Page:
Will you still be reading car reviews in 10 years?

·7 min read



You've read the headline. Do you think you'll still be reading car reviews in 10 years? It's something that is, perhaps not surprisingly, on the mind of someone who writes and edits car reviews for a living. If the answer is no, I hope I can come up with some other form of employment by the time 2032 rolls around.

But before I start taking TV/VCR repair correspondence school courses, let's at least take a look at why I'm asking the question in the first place. There's really two ways to look at it: the car side and the review side.

From the car perspective, if the majority of cars out there are autonomous electric transport pods, then who the hell wants to read about those for fun? My refrigerator autonomously keeps my beer cold with electricity, but I can tell you definitively I don't sit around with my morning coffee reading the latest news and reviews on Fridgeblog. In this doomsday scenario for car enthusiasm, car reviews will strictly be for consumers, much like those for other consumer goods, with content types perhaps falling more along the lines of early adopters and mass market than anything resembling enthusiasm.

In the last year, though, I've seen plenty of signs that this autonomous electric transport pod doomsday isn't on the horizon. First and foremost, I think we're going to see autonomous flying taxis before mass market, citizen-owned autonomous cars. Which is to say, not soon. There are just too many technological, psychological, logistical and legal challenges for the foreseeable future.

Then there's the electric part of the equation. The most interesting cars I drove in 2021, without question, were all electric. The Mercedes-Benz EQS, Porsche Taycan GTS and Ford Mustang Mach-E were equal parts fascinating and fantastic — two descriptors that should make you want to read about them. EVs that I have yet to drive, including the Rivian R1T, Lucid Air, Hyundai Ioniq 5 and Kia EV6, are those I have read about for fun and am eager to try — not just in a professional, I-have-to-drive-everything-cause-job reasons, but because I'm legitimately curious and interested as a car enthusiast.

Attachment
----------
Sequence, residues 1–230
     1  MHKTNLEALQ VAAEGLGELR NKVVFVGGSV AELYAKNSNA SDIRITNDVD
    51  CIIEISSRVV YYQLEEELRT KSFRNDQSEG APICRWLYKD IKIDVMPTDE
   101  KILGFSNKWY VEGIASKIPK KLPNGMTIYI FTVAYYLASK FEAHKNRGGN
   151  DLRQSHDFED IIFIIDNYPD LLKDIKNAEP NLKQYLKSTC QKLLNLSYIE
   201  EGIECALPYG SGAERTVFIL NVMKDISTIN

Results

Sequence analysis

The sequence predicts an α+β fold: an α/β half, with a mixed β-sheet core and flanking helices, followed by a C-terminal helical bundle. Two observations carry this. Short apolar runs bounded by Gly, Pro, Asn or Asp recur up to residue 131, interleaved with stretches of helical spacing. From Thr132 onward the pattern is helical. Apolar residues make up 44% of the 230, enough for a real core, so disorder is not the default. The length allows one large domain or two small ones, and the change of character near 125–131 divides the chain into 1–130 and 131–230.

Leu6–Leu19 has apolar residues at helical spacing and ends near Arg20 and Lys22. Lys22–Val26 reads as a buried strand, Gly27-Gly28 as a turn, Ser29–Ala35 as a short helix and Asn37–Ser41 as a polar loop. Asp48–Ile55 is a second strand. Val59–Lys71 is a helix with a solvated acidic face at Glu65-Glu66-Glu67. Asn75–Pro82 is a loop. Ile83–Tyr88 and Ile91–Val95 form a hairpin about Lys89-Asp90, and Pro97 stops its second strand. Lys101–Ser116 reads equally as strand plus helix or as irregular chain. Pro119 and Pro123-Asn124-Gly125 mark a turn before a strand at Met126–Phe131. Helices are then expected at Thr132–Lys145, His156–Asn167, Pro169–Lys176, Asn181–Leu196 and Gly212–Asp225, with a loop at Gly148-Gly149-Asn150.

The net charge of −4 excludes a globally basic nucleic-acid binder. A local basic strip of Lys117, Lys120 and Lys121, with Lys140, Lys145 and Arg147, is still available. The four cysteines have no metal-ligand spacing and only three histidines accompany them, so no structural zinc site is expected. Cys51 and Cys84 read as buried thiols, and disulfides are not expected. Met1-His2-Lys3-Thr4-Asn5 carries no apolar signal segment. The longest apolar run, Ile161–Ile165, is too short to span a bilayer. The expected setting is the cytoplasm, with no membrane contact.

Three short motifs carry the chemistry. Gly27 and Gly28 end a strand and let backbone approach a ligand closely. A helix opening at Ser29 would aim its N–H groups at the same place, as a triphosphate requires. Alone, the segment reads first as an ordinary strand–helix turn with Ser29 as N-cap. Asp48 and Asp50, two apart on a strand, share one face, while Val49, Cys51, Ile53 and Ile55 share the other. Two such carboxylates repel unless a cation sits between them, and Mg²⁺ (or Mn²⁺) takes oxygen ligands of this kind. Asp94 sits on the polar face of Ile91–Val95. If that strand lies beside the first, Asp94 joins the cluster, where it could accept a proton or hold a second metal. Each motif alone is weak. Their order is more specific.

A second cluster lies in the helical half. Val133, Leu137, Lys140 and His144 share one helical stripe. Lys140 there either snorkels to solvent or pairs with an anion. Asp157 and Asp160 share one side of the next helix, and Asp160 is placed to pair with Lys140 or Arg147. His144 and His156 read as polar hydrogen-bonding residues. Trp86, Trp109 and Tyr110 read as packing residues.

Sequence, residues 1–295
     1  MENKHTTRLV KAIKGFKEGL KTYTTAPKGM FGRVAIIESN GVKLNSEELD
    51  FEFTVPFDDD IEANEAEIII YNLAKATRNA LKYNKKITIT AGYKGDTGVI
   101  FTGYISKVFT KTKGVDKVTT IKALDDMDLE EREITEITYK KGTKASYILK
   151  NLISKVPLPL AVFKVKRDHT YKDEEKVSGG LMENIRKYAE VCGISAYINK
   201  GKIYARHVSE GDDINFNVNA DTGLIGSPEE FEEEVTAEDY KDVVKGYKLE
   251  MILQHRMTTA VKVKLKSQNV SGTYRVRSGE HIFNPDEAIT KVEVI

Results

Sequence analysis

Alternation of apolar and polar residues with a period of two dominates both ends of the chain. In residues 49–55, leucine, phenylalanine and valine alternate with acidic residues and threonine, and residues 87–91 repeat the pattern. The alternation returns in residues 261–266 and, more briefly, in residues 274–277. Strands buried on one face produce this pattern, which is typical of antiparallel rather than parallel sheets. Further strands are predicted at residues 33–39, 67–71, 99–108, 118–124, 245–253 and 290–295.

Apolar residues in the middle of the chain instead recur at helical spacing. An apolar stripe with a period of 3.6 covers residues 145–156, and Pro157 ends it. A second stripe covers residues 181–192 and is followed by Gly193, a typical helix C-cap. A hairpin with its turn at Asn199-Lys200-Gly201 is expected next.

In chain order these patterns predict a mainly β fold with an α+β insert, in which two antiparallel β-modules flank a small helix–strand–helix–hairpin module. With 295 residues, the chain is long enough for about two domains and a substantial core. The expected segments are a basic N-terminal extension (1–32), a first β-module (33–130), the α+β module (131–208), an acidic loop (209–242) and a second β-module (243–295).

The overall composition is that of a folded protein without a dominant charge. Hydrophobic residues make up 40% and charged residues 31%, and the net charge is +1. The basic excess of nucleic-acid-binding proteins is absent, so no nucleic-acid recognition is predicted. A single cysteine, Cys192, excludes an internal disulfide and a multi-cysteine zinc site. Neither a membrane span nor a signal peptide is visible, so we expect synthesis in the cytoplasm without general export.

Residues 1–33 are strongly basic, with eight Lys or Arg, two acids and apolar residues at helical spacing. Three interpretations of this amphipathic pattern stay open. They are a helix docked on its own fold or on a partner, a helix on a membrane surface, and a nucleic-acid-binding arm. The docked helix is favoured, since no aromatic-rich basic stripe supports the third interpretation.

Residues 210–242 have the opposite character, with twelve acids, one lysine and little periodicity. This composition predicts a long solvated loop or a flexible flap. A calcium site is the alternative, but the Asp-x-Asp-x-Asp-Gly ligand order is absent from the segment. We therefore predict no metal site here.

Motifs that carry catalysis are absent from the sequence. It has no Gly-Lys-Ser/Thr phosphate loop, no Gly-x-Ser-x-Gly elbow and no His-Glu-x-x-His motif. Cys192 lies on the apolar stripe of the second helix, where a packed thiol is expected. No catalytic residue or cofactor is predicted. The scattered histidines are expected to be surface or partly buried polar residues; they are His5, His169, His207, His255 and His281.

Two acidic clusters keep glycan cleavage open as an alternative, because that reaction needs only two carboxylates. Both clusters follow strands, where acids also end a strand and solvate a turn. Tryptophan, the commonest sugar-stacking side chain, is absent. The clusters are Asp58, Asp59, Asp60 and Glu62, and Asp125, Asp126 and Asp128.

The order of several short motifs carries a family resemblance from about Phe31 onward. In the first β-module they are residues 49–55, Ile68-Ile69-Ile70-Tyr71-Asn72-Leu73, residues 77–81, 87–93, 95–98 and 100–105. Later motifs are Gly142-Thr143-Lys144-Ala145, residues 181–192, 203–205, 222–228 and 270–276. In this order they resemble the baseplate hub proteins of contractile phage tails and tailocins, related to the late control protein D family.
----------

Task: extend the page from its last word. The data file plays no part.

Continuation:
Considering that we're only at the very beginning of the industry's EV conversion, just imagine what might be available in 10 years? Oh, there'll definitely be anonymous transport appliances, much as there have been in the past powered by gasoline, but I don't think we'll be bereft of cool cars.

The "review" part is the trickier and more problematic element for people like me. For starters, what exactly is a review? Is it just a 1,500-word written article, read on desktop, tablet or mobile, that's more or less consistent with what was established by print magazines long ago? Is it a highly formatted document created for people researching their next car, most likely integrated within online buying platforms? Or, is it a caption on an Instagram photo? Or a video loaded to YouTube or TikTok by one person as opposed to a publication that employees many?

Just last week, a 45-second video I shot as an afterthought while taking photos for the Mercedes-AMG SL 55 first drive reached (at the time of this writing) 2.6 million people on Facebook. There are at least 1,100 comments and 36,000 likes. Good grief. To be clear, I'm not boasting, I'm befuddled. Never mind views of the full written review itself, that's more impressions than any of the hundreds of videos I've shot/appeared in for three publications and roughly 12 years. And most of those were produced by a talented group of videographers and editors trained to make things look professional and fantastic.